• thefruitfulhollow

Ask Elizabeth, June 2021. What does the Catholic Church teach about IUI?

Dear Elizabeth,

I know a couple who are pursuing IUI and I’m curious about whether this is an option my husband and I might consider. What are the Catholic Church’s teachings on IUI?

Dear sister,

Thank you for asking this! It is a question that a lot of Catholic couples have wondered about but aren’t always sure where to look for answers. I hope I can shine some light on the issue for you and direct you towards some sources that will help you in your discernment.

An intrauterine insemination (IUI) of “licitly obtained” (normal intercourse with a silastic sheath i.e. a perforated condom) but technologically prepared semen sample (washed, etc.) is a reproductive technology currently under discussion - that is to say it is neither “approved” nor “disapproved” by the church (source: USCCB). The Vatican documents known as Donum Vitae (On the Gift of Life, 1987) and Dignitas Personae (The Dignity of a Person, 2008) assert that morally acceptable interven­tions used in procreation cannot replace the marital act, but should assist that act to attain its natural purpose.



According to Fr. Tad Pacholczyk, Ph.D. (Director of Education at The National Catholic Bioethics Center), "IUIs have never been directly mentioned in official Church documents, so the ques­tion of whether they might be morally allowable continues to be discussed among Catholic moral theologians." Fr. Tad argues that an IUI involves a substitu­tion/replacement of the conjugal act by injecting the sex cells into the woman's body via a cannula and is therefore morally unacceptable. In other words, the marital act does not itself cause a future pregnancy but only enables the collection of sperm, which is then used for another pro­cedure that brings about the preg­nancy.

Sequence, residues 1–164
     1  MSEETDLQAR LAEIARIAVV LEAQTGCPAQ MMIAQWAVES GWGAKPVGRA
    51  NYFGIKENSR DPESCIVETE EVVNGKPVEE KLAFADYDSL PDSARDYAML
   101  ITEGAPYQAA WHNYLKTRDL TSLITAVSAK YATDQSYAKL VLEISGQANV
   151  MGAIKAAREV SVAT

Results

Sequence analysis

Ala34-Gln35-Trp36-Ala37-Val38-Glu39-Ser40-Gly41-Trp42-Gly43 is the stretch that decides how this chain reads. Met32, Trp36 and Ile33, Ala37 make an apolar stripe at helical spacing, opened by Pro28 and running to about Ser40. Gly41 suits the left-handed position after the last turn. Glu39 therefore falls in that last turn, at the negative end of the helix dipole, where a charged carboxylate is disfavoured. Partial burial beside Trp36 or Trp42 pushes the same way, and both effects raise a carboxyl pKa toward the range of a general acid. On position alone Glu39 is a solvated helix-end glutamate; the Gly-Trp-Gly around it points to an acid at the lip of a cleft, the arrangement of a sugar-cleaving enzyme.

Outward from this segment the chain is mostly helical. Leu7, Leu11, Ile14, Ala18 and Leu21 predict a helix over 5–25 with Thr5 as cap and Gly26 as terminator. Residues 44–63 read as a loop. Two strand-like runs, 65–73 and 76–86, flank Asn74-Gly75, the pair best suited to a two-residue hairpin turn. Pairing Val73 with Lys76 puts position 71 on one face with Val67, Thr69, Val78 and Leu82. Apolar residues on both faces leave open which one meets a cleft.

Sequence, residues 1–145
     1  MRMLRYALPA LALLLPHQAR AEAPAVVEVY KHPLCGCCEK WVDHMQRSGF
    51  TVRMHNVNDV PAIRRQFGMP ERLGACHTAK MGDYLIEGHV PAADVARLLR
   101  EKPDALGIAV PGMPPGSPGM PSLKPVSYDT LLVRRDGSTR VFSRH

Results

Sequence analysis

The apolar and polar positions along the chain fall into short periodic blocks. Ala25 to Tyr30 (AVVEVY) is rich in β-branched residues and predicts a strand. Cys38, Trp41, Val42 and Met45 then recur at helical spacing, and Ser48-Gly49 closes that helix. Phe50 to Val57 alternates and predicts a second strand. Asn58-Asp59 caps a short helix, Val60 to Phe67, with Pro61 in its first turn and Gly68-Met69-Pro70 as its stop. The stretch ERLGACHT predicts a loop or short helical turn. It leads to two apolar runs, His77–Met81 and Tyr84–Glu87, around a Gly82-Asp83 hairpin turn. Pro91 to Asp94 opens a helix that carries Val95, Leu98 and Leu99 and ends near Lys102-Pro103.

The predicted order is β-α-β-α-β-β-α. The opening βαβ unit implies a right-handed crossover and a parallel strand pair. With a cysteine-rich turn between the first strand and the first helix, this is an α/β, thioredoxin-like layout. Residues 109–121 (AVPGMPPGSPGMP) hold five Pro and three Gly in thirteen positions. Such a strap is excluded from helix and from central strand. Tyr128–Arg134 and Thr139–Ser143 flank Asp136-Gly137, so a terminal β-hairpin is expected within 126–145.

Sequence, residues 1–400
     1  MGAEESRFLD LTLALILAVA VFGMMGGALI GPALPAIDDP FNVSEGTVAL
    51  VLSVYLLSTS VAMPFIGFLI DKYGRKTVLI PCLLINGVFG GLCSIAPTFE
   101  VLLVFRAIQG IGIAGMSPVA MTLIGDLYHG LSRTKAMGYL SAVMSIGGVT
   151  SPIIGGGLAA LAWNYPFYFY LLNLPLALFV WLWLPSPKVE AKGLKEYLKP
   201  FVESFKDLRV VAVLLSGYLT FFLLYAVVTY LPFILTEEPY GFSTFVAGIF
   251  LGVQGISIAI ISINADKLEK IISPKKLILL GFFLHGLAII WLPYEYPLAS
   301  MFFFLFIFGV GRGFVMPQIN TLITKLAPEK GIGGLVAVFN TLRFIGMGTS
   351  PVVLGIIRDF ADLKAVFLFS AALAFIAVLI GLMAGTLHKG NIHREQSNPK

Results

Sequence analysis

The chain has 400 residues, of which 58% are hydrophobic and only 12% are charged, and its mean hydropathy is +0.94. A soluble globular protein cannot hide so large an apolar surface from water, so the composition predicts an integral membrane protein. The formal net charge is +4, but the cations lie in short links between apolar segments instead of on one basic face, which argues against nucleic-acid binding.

The late Rev. Donald McCarthy, Ph.D. (Former Director of Education at the Pope John XXIII Medical Moral Research Center) argued that the quantity of sperm is purely incidental to the moral integrity of the marital act and therefore, the retention of some sperm in a silastic sheath does not reduce the integrity of the marital act. When sperm is collected by this means for analysis, the marital act is still considered an integral act. An IUI assists fertilization in re-positioning some sperm, however the conjugal act remains as the essential step in getting the ovum and sperm to meet. Rev. Richard McCormick, S.J., also objects to some of the arguments prohibiting the use of reproductive technologies to treat infertility: "If experience is our guide, medical interventions to overcome sterility are precisely manifestations of the love between husband and wife."

Catholic couples are free to judge whether an IUI is morally permissible or not, with the guidance of their consciences. Take these difficult decisions to prayer and let the Holy Spirit guide you. If you'd like to dive into this topic further, consider inviting Sister Renée Mirkes, Ethics Director of the St. Paul VI Institute, to speak about marriage as well as procreative and birth ethics ("Marriage Matters: Love and Life Unlimited") at your parish.

Our team is praying for God's guidance for all those discerning this procedure.

Elizabeth